Only two weeks remain to nominate a deserving teacher for a 2018 Outstanding Teaching Award! Humanities Texas is accepting nominations through Wednesday, December 13. Winners will receive $5,000 cash and an additional $500 for their schools to purchase humanities-based instructional materials. Visit our Awards page to submit a nomination.
In this month's Teacher Feature, we are pleased to showcase five 2017 Outstanding Teaching Award recipients and their recent award presentations.
U.S. Congressman Joaquin Castro presented Ryan Sprott with the James F. Veninga Outstanding Teaching of the Humanities Award—reserved for the teacher whose application receives the highest rating from the panel of judges—at Education Service Center Region 20 in San Antonio on October 20, 2017. The presentation took place during a Humanities Texas professional development workshop on the U.S. Constitution for secondary social studies teachers.
Sprott, who earned his doctoral degree in education in 2016 and has been teaching for twelve years, teaches EngWhap, a blended AP world history and pre-AP English language arts course at the International School of the Americas. He is also the dean of the social studies department.
Sprott's interdisciplinary course, which he designed with one of his colleagues in the English department, provides students with a real world environment in which to learn world history and English and creates a space where students can address contemporary dilemmas while using historical evidence. Sprott extends learning outside of his classroom as well, designing trips to local historical sites, museums, and public art institutes and even leading a yearly weeklong trip through New Mexico along the Camino Real.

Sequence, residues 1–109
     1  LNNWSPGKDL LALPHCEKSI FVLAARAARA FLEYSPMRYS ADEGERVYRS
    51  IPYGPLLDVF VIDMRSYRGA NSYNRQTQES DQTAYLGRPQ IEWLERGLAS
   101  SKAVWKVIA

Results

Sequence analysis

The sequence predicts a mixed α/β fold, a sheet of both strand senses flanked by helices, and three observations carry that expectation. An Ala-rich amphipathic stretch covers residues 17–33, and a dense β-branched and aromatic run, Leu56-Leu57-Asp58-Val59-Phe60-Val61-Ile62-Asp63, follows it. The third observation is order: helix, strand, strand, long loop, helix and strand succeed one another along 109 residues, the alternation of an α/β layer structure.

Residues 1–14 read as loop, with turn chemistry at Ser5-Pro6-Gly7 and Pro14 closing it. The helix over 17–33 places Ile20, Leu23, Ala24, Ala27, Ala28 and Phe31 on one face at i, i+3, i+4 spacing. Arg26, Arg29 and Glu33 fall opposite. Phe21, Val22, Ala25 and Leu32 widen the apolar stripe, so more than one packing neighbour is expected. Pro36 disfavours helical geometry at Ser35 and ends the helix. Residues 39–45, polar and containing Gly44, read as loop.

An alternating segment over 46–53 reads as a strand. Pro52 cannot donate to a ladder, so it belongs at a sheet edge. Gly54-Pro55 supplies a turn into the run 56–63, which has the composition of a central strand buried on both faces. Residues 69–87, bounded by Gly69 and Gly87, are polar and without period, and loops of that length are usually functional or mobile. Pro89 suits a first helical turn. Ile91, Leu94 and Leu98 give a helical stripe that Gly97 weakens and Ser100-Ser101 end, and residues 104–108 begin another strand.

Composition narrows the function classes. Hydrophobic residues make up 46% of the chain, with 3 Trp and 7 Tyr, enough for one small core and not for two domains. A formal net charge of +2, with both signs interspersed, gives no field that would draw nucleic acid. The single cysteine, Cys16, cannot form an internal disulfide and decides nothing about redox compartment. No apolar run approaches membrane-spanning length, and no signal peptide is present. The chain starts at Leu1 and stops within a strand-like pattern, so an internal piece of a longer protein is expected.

"A passionate, creative teacher can change the trajectory of students' lives," said Congressman Castro. "Dr. Sprott is an educator who not only cares about the young people in his classroom finding academic success, but he also nurtures in them greater empathy, compassion, and self-assurance. With his dynamic humanities curricula and commitment to expanding students' horizons, Dr. Sprott is developing the next generation of engaged, community-minded San Antonians."
Texas State Representative Dan Flynn and Humanities Texas program officer Sam Moore presented Larry Wisdom with his Outstanding Teaching of the Humanities Award during a presentation at Van High School on October 23, 2017.
Wisdom, whose teaching career spans nearly fifty years, has taught all levels of high school theatre arts and theatre production at Van High School for the last seventeen years.
"He is all-encompassing as an instructor," said Van High School principal Jeff Hutchins. "His classroom is magical, and a forty-five-minute class with him seems like seconds, though he may have taken his students on a journey to ancient Greece or through an insane asylum of the 1860s to discover the lessons of history at their finest."
Wisdom sponsors the Van High School Texas University Interscholastic League (UIL) theatre team, which has made thirty state meet appearances under his direction. The team won second place last year in the Texas UIL One-Act Play statewide competition, the largest play contest in the world, with their production of Bertolt Brecht's The Caucasian Chalk Circle.
"Through the humanities, students learn to think not only creatively but also critically," said Wisdom. "A humanities education allows us to gain new insights into everything from poetry and paintings to business models and politics. It is through a humanities education that students are empowered to make moral, spiritual, and intellectual sense of the world."
Liz James, coordinator of educational programs at Humanities Texas, presented Yvonne Kaatz with her Outstanding Teaching of the Humanities Award during a pep rally at Dripping Springs High School on November 3, 2017.
Kaatz's teaching career spans twenty-eight years. She currently leads the English department and teaches pre-AP and gifted and talented English II and AP English III at Dripping Springs High School. She has been selected ten times by outgoing seniors as their most influential high school teacher.